Building Work Hero: The Early Days

This is a blog series where I’ll be walking through how I built Work Hero, starting from December 2019 to the present.

I’ll start with a brief history of the beginnings of the business, then move into our “post-pivot” era that started in December 2019.

Work Hero Version 1

The groundwork was laid out in 2017. Although way back in 2014, I tried and failed to start 6 businesses in 12 months, I felt the time was right to try again, even though I had 3 other projects going on.

I subsequently quite 2 of my 3 other projects, and started the new business part time in addition to running Tri Swim Coach.

My original idea was an agency to help small and solo businesses do everything they’re not good it. This included tech tasks, design, and administrative marketing tasks.

What was my motivation to build this business?

I had built a few info products businesses, and somehow always found top talent for low cost (often in the Philippines) on Upwork.com to help me with my tasks. I thought it would be fun to build an entire company with outsourced workers, in each area, and give them training, making them a part of a team.

And, I wanted experience in a startup, with all the challenges that go with it, helping me to grow as a person.

Back to the idea. after being a bit overwhelmed at the scope of doing “everything” for businesses, I narrowed it down to just design and website technical tasks.

Then further down to WordPress & graphic design support.

Naming: I love the word “hero” and dislike having to “work”. It didn’t take me long to come up with and settle on the name “Work Hero”. Sadly, the guy who owns “work hero dot com” is a squatter and wasn’t willing to come to the table to sell, so we settled on useworkhero.com – which I have come to love the name!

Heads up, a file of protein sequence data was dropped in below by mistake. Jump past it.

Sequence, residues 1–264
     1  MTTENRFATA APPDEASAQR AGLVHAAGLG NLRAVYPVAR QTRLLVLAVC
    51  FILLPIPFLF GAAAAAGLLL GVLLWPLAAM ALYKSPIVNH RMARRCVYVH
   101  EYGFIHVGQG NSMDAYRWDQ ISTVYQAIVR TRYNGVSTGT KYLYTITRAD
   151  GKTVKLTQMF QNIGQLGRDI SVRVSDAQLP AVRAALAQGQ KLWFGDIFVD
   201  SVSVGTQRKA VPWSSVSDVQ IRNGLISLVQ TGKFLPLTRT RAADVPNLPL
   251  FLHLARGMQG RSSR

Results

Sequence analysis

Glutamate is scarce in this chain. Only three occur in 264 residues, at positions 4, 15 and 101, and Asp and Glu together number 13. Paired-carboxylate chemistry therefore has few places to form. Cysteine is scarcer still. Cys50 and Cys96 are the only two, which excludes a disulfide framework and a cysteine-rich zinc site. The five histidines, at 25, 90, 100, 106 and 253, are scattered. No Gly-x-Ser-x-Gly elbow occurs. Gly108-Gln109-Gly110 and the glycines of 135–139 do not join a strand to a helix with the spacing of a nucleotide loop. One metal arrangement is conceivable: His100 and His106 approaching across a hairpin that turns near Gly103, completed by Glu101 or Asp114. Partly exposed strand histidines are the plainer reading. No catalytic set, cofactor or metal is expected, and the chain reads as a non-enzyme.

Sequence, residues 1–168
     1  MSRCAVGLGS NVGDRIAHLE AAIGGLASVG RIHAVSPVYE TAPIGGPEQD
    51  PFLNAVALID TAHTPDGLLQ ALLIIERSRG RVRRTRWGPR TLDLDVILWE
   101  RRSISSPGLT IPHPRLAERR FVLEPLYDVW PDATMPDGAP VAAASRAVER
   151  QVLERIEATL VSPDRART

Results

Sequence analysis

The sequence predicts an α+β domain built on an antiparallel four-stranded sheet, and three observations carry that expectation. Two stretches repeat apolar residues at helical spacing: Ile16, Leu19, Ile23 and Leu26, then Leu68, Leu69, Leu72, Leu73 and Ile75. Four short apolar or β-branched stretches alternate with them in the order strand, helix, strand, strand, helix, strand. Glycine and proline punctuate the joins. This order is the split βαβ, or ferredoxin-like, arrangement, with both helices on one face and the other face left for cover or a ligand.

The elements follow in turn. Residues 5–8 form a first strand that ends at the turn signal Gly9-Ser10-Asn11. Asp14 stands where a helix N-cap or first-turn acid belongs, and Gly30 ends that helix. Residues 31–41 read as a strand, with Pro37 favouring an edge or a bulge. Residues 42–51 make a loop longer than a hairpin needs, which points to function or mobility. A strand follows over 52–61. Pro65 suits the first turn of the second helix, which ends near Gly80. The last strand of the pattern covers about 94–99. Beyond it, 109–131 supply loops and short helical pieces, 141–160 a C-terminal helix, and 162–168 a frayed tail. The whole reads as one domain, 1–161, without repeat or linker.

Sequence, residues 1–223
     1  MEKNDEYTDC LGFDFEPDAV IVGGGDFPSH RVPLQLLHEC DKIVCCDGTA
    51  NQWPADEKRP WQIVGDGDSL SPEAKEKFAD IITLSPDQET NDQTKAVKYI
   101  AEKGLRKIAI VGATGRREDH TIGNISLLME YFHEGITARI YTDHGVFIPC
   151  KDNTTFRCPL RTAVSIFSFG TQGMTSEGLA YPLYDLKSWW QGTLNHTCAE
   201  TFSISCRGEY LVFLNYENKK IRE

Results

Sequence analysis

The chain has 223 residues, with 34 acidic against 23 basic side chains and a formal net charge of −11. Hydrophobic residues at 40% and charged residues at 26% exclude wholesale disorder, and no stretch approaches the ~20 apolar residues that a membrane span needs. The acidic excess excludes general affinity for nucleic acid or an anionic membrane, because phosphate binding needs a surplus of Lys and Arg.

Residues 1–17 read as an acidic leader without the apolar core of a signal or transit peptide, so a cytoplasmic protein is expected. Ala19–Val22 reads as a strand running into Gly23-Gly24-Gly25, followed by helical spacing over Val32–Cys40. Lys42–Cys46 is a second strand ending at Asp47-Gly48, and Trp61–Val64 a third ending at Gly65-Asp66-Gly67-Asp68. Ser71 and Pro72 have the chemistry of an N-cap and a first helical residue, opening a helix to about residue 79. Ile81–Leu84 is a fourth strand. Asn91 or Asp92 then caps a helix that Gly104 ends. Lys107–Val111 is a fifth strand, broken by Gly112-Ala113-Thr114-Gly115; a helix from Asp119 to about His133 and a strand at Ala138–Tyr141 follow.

Logo: I was hiking in Slovakia the summer before I started the company, with my friend Richard Patey of Website Investing Weekly and on the trail, I ran into a marmot:



I knew that was the mascot and part of the logo for my new company. A month later, we hired a designer who came up with this guy:

We later came up with the name, Marvin the Marmot 🙂

Partnership: I started realizing there was a lot of work to be done. Who knew? I didn’t initially think I wanted a partner. But I had hired a very smart and hard working administrative assistant from Brazil who I asked to help out with the new business.

Not only was he thrilled at the idea, he asked to partner with me.

Although he was young and didn’t have a ton of experience, my gut told me this was the right way to go, after we had a Zoom chat.

Without much contemplation I moved forward with my new partner!

Our initial expenses:

Website registration for useworkhero.com on Namecheap: $12
Hosting (shared with Digital Ocean): $10/month
Theme: $50
Web Designer (including logo design): $200
(site partially built in house)
Theme: $45
Intercom Software (help desk): $20/month
Email: Gsuite by Google $25/month
Total: $370

Question of the Week:

How often do you hold meetings with your business partner? How about your contractors or employees? Answer below in the comments, and I’ll have more on this in the next post 🙂

Next, I’ll get into our ups and downs for 2 years, culminating with a pivot.



Kevin Koskella

Kevin Koskella

Kevin is a podcaster and writer on living free, despite the crazy world we live in. Kevin travels full time and explores the world and how to achieve and maximize freedom in life.

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